US NewsHome Ownership May Be for the Few, Not the ManyCNBC.com | March 14, 2011 | 09:00 AM EDT
Homeownership has long been associated with investment savvy.
Tax breaks, equity growth and the sanctity of the American dream — the real estate community has made a pretty compelling case over the years for the merits of purchasing property versus throwing your money away on rent.
But as the housing market redefines itself in the wake of the subprime mortgage crisis and the ensuing industry recession, a number of economists who follow the industry suggest the benefit of buying no longer applies. Others say it never did.
Yale economist Robert J. Shiller, whose book “Irrational Exuberance” accurately predicted the stock market collapse in 2000, notes that U.S. housing prices posted roughly a zero percent gain between 1890 and 1990, after adjusting for inflation.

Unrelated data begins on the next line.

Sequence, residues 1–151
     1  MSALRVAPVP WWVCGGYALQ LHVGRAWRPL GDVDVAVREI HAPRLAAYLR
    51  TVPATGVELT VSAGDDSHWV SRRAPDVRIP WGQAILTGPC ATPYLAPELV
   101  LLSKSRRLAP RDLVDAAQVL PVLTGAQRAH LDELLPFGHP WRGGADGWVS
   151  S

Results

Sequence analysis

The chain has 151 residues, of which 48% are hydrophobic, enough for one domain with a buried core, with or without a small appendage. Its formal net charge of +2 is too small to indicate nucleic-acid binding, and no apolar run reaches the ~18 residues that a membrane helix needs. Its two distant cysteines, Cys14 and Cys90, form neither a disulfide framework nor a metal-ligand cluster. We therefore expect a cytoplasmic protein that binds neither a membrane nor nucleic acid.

“That’s the remarkable thing that most people don’t realize,” he says. “This is not a financial investment. It’s an investment that provides you services and you have to answer for yourself how you value that.”
The biggest dividend of real estate, says Shiller, is the lifestyle it affords. Some are willing to pay a premium for kid-friendly neighborhoods, quiet streets, a historic home or a condo close to work.
But taking the plunge today is a bigger financial gamble than it once was.